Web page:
Considering that Web 2.0 has become an information source alongside the traditional media and an organizing tool, has the Center for Socialist Studies developed a new propaganda strategy? What’s your position on this topic?
Socialists in Egypt are using Web 2.0 tools like other political currents. We haven’t had our own unique way of using the Internet so far. Nearly 20 million out of 85 million Egyptians have access to the Internet, but its strength lies in the fact the traditional media have themselves begun to use it as a source of information. If the best known bloggers or online activists post something on their blogs, read by some thousands, it’s more or less guaranteed that BBC, Al Jazeera, or other traditional media will grab the info and it will be read by millions. Information is thus going to spread.
Getting back to the mobilization: what are the Center for Socialist Studies and you, as an individual, advocating in this movement right now?
Right now, the socialist movement is trying to push the situation forward, since there is now a huge occupation of Tahrir Square and yet there is no leadership. There are popular committees in neighborhoods who ensure security and who also often provide supplies and direct the traffic. The Egyptians outside Tahrir are not necessarily familiar with what’s going on there. The government broadcasts lies: one day it accuses us of following foreign agents, then of being agents of Al Jazeera, and then of being Al Qaeda agents. They make stupid statements like we are under the control of Israel. What we are trying to do right now is to push our contacts in industrial centers to begin to launch their own workers’ unions. It’s the only way to save the revolution — especially since a majority of the trandiitonal opposition are trying to steal it.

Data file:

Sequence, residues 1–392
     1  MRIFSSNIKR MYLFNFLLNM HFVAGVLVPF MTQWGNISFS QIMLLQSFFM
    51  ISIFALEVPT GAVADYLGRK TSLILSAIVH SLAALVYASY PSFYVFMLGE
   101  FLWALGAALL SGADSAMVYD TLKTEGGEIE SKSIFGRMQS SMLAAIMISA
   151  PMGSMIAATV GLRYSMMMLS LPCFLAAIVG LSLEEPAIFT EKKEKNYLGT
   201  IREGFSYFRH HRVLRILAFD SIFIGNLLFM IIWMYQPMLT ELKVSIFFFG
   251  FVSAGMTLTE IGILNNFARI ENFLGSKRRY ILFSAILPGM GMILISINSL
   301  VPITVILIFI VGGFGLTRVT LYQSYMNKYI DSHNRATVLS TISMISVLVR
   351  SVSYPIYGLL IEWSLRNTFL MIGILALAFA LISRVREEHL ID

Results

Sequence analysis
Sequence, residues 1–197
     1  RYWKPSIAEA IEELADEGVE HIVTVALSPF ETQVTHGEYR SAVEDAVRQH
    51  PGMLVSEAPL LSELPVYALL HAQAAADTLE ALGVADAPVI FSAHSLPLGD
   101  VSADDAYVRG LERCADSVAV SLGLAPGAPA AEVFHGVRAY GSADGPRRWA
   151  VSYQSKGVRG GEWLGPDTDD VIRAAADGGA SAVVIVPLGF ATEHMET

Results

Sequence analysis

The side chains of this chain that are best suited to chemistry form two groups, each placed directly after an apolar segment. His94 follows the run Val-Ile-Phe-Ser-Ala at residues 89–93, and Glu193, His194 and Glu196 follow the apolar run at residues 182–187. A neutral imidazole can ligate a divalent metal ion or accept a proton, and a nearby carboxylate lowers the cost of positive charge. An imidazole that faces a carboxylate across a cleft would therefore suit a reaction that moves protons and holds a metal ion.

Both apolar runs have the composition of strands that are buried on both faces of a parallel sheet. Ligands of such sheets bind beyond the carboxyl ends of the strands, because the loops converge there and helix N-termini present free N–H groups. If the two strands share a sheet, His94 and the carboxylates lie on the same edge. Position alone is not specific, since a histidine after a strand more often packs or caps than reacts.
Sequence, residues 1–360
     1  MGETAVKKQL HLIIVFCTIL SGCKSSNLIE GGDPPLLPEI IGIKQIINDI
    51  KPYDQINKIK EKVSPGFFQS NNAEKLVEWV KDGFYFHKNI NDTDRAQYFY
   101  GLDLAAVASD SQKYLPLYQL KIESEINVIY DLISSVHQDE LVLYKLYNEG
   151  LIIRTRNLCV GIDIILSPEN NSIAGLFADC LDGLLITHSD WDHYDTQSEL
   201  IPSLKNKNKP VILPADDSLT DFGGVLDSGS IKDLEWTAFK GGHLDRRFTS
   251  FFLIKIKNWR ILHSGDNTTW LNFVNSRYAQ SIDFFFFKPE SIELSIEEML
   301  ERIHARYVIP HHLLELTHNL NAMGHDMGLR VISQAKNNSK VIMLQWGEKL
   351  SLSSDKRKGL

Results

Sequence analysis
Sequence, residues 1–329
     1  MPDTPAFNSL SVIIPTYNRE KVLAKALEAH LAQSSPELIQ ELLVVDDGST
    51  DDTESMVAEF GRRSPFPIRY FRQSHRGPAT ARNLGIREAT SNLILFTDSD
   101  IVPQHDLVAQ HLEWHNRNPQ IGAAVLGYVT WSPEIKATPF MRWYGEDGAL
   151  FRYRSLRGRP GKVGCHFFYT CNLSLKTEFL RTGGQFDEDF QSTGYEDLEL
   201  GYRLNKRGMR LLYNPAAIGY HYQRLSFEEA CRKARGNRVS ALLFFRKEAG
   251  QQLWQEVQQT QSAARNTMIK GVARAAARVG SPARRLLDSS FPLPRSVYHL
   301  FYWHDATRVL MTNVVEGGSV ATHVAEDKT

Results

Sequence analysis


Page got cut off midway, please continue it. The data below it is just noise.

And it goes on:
What do you think of the fact that there were three days of action this week?
Actions are happening every day. I know that the media are talking about the three specific days of action, but they don’t know what they are talking about. In fact, protests are really happening daily.
All these calls for actions, demonstrations, etc. — where are they coming from? Who is organizing these calls? Who is initiating them?
The occupation [of Tahrir Square] don’t have a unified leadership, but there are megaphones in the square where people can take turns and express their demands, and there are constant discussions among the protesters about which direction to take. The media have probably conveyed what the traditional opposition were saying, but there is no consensus right now among the millions (!) of protesters in the square.
Are you participating in the National Coalition for Change?
We are not part of it, but at the same time, as activists participating in the demonstrations, we are side by side with it, but that doesn’t mean that we support ElBaradei.
How does the Center for Socialist Studies intervene in the movement? By what means?
I can’t go into details on this question, for security reasons.
We are inviting people to a Mediterranean anti-capitalist conference on 7-8 May in Marseille, and we are excited about hearing the echoes of the Arab revolutions. Do you think it can be useful?
Any international meeting can very much help the Egyptian revolution. We need activists fighting against capitalism to organize solidarity actions, taking our experience back to their countries, to organize protests at Egyptian embassies, to put pressure on their governments so that they will stop interfering with the “revolutionary affairs.” We cannot survive, nor sustain the revolutionary élan, without international solidarity.
Hossam el-Hamalawy is an Egyptian socialist, journalist, and photographer. Visit his blog: <www.arabawy.org>. Follow Hossam el-Hamalawy at <twitter.com/3arabawy>. The original interview “Révolution 2.0 : Un blogueur révolutionnaire sur la place Tahrir” was published on the Web site of Nouveau Parti Anticapitaliste 13 on 7 February 2011. Translation by Yoshie Furuhashi (@yoshiefuruhashi | yoshie.furuhashi [at] gmail.com).